We had assigned defensive positions to establish the perimeter based on our very detailed sand table briefings.  As we moved to our defensive positions we were fired upon by at least two Japs.  We returned fire, wounding them, but continued on to our airhead defensive positions, passed the officers quarters, housing, and started down the slope in the direction toward Wheeler Battery area.  We came to a row of 3 to 4 concrete buildings still with all office equipment intact and orderly."  (This is the NCO Quarters: Buildings #52, #53, and # 68.) 

"The buildings had long cement porches with cement railings.  Ideal to take cover behind and rest weapons on which to fire.  However we did not stop there as we didn't have the the best fields of fire and observation to our front.  We moved forward of the buildings about 20 yards to where we could see the railroad tracks in the ravine and warehouses with sliding doors that were constructed of concrete and covered with earth and overgrown with weeds and trees.  I believe at this point in Cheney Ravine generally behind the vicinity of Wheeler Point, and astride Endo's route up Cheney's Trail and about where it started up to Topside.  An artillery element was on my right in the process of recovering the artillery piece and a 50 cal. M.G.  There were some elements of E Co. on my left flank.  In front there were a couple of dead troopers in the vicinity of the railroad track- at least one or two with parachutes hanging on trees.

   Hudson Hill and E Company were down in F Company sector with me.**  The E Company trooper was down along the railroad track about 25 yards in front of my position. He was making a weak attempt to recover the E Co wounded trooper.  Col. Jones and Lawson Caskey came by.  We briefed them and Col. Jones moved Hill & E Co out and told Hudson that Ed Flash would recover the trooper.  He was glad to leave it to me as there was a lot of Japs moving around and firing to our front."





Soon after Ed and his platoon arrived, Col. Jones and Major Caskey arrived and instructed Lt. Hill to take his men and join the rest of the company who had assembled under Lt. Abbott at the Topside barracks.  Col. Jones ordered Ed to make the rescue of men trapped in Cheney Ravine his immediate mission in addition to forming a defensive perimeter at the NCO Quarters. They rescued the last living man, S/Sgt  Leonard R. Ledoux, who was heard crying out for help, in the ravine the next morning.  Ed, Pfc's Anthony Lopez,  Robert O'Connell,  and Angelos Kambakumis were all wounded in a daring rush into the ravine to rescue Ledoux.  Despite their efforts S/Sgt Ledoux died of his wounds.  Thus the fifth E Company man died as a result of enemy action during the jump.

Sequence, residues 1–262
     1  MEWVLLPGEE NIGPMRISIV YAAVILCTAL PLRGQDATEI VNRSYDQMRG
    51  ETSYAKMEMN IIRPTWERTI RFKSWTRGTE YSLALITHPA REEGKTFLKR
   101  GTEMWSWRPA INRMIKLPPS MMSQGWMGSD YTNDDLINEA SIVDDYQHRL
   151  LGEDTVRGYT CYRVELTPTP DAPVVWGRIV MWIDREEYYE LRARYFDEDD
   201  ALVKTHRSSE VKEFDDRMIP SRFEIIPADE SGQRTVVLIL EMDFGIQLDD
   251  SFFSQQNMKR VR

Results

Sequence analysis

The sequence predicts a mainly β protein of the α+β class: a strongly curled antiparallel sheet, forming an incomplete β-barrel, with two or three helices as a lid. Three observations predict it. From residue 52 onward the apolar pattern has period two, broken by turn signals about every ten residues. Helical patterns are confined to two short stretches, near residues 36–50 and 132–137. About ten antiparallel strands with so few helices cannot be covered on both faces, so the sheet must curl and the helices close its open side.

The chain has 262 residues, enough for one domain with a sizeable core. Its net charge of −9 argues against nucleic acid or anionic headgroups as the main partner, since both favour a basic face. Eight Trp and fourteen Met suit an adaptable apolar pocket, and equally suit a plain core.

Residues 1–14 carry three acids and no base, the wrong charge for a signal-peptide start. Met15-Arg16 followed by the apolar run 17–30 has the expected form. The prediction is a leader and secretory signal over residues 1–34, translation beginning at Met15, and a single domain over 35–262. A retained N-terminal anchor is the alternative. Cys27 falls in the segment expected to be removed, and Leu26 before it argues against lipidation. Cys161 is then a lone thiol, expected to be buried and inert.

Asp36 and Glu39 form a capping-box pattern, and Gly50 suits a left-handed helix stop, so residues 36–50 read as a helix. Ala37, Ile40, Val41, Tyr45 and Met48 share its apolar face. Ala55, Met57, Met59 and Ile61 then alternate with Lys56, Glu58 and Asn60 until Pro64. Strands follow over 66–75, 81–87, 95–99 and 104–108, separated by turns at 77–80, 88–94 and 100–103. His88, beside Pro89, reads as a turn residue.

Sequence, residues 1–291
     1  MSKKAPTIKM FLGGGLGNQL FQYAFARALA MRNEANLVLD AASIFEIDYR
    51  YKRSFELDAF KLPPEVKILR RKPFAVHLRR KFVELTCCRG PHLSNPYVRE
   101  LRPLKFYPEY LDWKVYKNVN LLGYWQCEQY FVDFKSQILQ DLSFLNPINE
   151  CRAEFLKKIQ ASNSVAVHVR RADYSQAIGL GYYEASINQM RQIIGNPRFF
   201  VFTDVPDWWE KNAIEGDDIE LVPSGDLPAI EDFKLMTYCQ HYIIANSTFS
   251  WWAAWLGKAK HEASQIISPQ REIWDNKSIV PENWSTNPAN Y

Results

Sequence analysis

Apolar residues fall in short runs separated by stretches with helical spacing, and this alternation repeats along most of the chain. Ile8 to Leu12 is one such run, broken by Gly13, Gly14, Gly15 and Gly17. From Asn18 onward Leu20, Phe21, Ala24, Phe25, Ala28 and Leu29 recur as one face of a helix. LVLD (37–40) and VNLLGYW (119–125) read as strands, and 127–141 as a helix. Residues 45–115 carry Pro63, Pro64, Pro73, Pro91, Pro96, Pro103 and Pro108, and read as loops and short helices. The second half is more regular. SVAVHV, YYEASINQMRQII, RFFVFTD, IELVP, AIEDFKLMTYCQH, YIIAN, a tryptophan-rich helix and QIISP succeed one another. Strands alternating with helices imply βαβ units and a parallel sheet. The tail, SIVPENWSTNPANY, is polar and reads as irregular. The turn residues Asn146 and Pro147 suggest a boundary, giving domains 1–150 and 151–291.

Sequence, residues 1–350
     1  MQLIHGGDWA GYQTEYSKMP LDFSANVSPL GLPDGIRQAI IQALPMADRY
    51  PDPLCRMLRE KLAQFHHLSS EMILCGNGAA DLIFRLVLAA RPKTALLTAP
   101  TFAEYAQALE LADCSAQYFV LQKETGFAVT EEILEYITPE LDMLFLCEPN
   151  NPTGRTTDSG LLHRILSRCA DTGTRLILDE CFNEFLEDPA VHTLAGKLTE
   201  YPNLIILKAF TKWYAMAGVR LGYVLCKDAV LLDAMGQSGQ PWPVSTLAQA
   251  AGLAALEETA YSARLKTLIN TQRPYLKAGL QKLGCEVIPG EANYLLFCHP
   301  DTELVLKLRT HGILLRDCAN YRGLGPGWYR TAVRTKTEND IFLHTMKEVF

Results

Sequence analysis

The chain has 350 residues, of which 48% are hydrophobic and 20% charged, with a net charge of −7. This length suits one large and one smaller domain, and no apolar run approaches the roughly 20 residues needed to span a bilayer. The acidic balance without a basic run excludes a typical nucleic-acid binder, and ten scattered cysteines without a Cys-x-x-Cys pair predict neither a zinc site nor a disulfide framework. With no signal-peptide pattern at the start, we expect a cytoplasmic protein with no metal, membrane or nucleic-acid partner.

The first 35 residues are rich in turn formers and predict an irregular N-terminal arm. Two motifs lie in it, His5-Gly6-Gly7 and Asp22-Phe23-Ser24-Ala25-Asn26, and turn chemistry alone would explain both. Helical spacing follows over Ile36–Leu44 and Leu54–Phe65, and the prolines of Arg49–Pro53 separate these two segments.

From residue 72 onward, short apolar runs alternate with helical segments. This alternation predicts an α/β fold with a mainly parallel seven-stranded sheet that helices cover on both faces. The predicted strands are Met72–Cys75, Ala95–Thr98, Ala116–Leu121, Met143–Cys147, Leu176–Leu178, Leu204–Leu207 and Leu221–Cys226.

When the company left Mindoro, 1st Lt. Hill was commanding, 1st Lt. Abbott was executive officer, 1st Lt. Whitson was 1st platoon leader, 1st Lt. Roscoe Corder was 2nd platoon leader, 1st Lt. Atchison was 3rd platoon leader, 2nd Lt. Ball was mortar platoon leader, and 2nd Lt Crawford was assistant platoon leader in the 1st platoon.  After Dick Atchison was wounded,  Lewis Crawford was assigned to command his platoon.  Thus on the first day E company had lost five men killed in action and 21 from wounds or injuries during the jump.  That was almost twenty percent, the heaviest of any of the 2d Battalion Companies.


"E Company, jumping on A Field, had many men land in Battery Wheeler-Cheney Ravine area.  The winds had been sufficiently strong that day that even with the aircraft dropping down to around 450 feet above the ground, the drift of the jumper was still 1000 feet.  The usable area of A field was 250 yards x 150 yards, so the first jumper had to be past the field before he jumped in order to hit the usable area. 

The area of upper Cheney Ravine and Battery wheeler had been cleared of trees and foliage so that, from the air, it looked like open ground suitable for landing.  In reality it was a terrible, dangerous landing area full of craters and covered with concrete wreckage with protruding reinforcing steel spears and other deadly debris.  The planes flew directly at the great and imposing three story "mile long barracks".  This had to make an impression on the jumpmasters, causing many to hurry their "Go".  The pilots certainly hurried their green light which indicated the time to "Go".